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Alton Towers - travel review

Travel | Published:

When you have young children, life fast becomes one never-ending cycle of what to do to entertain them. Holidays are booked based on what the kids want to do and weekends revolve around sporting activities or trips to the park.

When they’re little they’re happy with most things, but your options become severely limited when approaching the teenage years where everything is boring and wide-eyed childhood amazement gives way to moans and groans about poor Wi-Fi signal. Happily there is one weapon in our armoury that never fails. And even better than that, it;s a whole world of fun for parents as well as kids. A magical place called Alton Towers.

The famous theme park has the ability to bring out the inner-child in, not only the most disinterested sullen teenager, but in world-weary adults too.

Rolling up at the hotel after a long day at work, the wonder begins. The elaborate fountain outside the hotel entrance is a clue to what you’ll find inside – a colourful world of make-believe come true.

The foyer, with its quirky decor and friendly staff, is immediately welcoming and as the troubles are left on the doorstep, the smiles begin, soon giving way to declarations about how awesome everything is.

Once checked in, it’s up the stairs to find our Moon Voyager room, across printed carpet and doors lit by industrial lanterns. Once inside the room, the amazement heightens as the bathroom, interactive mirror, numerous switches and bunk beds in a little den are all explored. . . plus, wonder of wonders. . . there’s even an XBox.

Later we ventured down to the bar where there was a show for younger residents, a bar and restaurant then back up to the room for a good night’s sleep ahead of a day at the park itself. The morning after we were up early for the buffet breakfast – a huge array of goodies from croissants to cereal to bacon and eggs.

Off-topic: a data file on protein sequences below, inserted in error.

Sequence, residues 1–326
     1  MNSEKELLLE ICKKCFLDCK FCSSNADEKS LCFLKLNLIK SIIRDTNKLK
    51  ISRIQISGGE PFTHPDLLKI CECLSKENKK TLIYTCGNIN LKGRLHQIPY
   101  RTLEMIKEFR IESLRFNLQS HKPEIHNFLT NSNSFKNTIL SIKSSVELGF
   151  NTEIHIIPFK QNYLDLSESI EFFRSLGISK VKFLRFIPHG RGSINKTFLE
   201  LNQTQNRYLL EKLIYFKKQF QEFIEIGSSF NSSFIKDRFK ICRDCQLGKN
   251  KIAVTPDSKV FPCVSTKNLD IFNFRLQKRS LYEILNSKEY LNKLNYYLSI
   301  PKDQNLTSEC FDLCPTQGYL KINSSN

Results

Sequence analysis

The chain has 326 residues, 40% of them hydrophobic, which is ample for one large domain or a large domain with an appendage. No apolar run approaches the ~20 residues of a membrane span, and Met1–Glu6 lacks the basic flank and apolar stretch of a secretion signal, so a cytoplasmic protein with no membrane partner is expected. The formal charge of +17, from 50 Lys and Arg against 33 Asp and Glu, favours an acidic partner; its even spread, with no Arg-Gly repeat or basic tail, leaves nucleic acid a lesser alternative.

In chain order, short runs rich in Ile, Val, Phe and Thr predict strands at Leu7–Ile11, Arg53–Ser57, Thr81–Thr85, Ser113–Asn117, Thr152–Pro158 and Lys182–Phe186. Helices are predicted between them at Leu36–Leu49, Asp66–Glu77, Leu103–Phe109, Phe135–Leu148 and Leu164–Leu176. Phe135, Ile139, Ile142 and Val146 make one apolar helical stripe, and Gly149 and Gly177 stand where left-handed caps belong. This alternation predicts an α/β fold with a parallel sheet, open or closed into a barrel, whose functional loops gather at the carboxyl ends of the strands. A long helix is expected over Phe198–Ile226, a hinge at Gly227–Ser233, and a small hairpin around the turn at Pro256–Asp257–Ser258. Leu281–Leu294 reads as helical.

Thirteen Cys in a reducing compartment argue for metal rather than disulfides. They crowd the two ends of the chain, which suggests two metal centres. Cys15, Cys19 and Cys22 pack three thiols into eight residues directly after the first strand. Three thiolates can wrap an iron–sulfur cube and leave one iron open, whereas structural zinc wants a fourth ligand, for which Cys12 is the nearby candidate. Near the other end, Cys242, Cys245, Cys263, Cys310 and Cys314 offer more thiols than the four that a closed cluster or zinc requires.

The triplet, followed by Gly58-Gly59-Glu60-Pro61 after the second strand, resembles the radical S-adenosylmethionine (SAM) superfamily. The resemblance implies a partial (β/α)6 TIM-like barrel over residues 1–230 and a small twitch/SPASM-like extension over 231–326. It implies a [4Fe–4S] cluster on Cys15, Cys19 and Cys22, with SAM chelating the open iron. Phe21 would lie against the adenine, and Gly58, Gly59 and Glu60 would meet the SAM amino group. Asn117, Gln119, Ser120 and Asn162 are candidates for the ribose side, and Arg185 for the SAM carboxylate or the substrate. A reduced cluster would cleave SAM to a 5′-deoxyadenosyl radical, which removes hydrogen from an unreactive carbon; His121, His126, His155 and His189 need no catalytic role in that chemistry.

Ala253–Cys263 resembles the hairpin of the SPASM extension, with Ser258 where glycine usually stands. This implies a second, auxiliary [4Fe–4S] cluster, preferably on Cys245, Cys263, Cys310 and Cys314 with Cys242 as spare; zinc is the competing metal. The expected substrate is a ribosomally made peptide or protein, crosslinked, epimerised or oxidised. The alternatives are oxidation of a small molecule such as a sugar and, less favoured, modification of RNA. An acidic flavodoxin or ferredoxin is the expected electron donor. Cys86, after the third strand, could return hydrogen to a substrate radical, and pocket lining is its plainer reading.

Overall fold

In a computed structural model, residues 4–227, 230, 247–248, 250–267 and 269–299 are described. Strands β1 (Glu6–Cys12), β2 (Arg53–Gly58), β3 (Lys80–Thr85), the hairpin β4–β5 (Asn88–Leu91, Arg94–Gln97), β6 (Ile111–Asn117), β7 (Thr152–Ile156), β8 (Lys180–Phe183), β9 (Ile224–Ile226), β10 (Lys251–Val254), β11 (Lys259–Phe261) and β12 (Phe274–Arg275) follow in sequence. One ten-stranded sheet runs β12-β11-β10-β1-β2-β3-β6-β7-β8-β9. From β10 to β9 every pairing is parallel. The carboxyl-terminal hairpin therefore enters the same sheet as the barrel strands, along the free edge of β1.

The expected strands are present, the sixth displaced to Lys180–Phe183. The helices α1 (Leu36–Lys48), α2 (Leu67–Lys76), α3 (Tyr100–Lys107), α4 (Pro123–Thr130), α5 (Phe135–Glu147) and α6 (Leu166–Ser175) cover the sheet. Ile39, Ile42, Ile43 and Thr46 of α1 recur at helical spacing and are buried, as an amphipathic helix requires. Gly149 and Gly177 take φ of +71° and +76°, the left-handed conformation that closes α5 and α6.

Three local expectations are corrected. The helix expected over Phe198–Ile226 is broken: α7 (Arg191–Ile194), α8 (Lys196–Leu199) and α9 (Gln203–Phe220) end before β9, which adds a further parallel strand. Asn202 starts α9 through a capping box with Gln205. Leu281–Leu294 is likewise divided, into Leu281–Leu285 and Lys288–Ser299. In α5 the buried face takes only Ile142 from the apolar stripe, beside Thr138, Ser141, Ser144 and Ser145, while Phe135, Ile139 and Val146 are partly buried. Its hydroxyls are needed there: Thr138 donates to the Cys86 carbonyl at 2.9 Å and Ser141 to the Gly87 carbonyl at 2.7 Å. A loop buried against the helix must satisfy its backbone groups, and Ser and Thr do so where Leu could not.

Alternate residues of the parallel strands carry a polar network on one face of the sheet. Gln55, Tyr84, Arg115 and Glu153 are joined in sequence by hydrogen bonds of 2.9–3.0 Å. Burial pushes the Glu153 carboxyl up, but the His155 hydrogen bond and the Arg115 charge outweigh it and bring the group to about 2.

Then it was off to the park to make the most of the early access granted to hotel guests.

The Wicker Man is the latest addition to the rides at Alton Towers, opening in a literal blaze of glory earlier this year. Made of wood with real fire, it promises a thrilling ride like nothing else on the park can offer.

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Unfortunately on our arrival this ride was delayed, so we headed off to the others.

The newest and best rides always attract big queues, so we armed ourselves with fast track passes to ensure not a moment was wasted.

First it was Hex, with its mind-bending and stomach-churning trip into a myserious tale of supernatural forces, The Smiler, with its constant loops and vertical rise half way through which disorientates and thrills with the same intensity.

Thirteen, Rita, Oblivion, Nemesis, Glactica and Spinball Whizzer all followed, each one leaving us wishing we could afford a second batch of passes to go on again and again.

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There are a huge number of places to eat in between rides – if the stomach is strong enough – from burgers or baguettes, to a full meal inside the Rollercoaster Restaurant, where dishes are delivered in little carts on tracks from high above diners’ heads. This time we found a snack stall and tucked in ahead of the afternoon session.

The hotel is just one part of the accommodation on offer at the park.

There are woodland lodges, the Splash Landings hotel with its own waterpark and the CBeebies hotel for younger guests. There are even tree houses for a more luxurious stay.

Then before we knew it, it was back to the monorail and off home.

We ran out of time to try the Wicker Man and wished we could have spent longer having a wander in the beautiful gardens.

All of which can only mean one thing – a return visit – and this time we may just extend the magic for two nights.

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